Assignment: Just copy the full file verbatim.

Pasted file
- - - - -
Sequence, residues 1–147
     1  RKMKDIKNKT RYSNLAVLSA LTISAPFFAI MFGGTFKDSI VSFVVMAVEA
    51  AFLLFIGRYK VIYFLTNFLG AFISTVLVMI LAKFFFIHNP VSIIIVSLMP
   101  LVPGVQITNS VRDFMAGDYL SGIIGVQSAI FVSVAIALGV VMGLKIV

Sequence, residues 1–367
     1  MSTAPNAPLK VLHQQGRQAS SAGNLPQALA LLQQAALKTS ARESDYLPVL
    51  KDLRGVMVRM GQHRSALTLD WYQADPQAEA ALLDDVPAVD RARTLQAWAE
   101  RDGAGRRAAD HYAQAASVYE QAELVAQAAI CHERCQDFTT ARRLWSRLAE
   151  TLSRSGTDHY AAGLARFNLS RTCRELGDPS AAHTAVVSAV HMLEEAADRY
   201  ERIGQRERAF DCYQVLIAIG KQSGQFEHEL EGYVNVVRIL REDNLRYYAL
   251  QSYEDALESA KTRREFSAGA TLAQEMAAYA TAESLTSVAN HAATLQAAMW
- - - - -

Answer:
Sequence, residues 1–147
     1  RKMKDIKNKT RYSNLAVLSA LTISAPFFAI MFGGTFKDSI VSFVVMAVEA
    51  AFLLFIGRYK VIYFLTNFLG AFISTVLVMI LAKFFFIHNP VSIIIVSLMP
   101  LVPGVQITNS VRDFMAGDYL SGIIGVQSAI FVSVAIALGV VMGLKIV

Sequence, residues 1–367
     1  MSTAPNAPLK VLHQQGRQAS SAGNLPQALA LLQQAALKTS ARESDYLPVL
    51  KDLRGVMVRM GQHRSALTLD WYQADPQAEA ALLDDVPAVD RARTLQAWAE
   101  RDGAGRRAAD HYAQAASVYE QAELVAQAAI CHERCQDFTT ARRLWSRLAE
   151  TLSRSGTDHY AAGLARFNLS RTCRELGDPS AAHTAVVSAV HMLEEAADRY
   201  ERIGQRERAF DCYQVLIAIG KQSGQFEHEL EGYVNVVRIL REDNLRYYAL
   251  QSYEDALESA KTRREFSAGA TLAQEMAAYA TAESLTSVAN HAATLQAAMW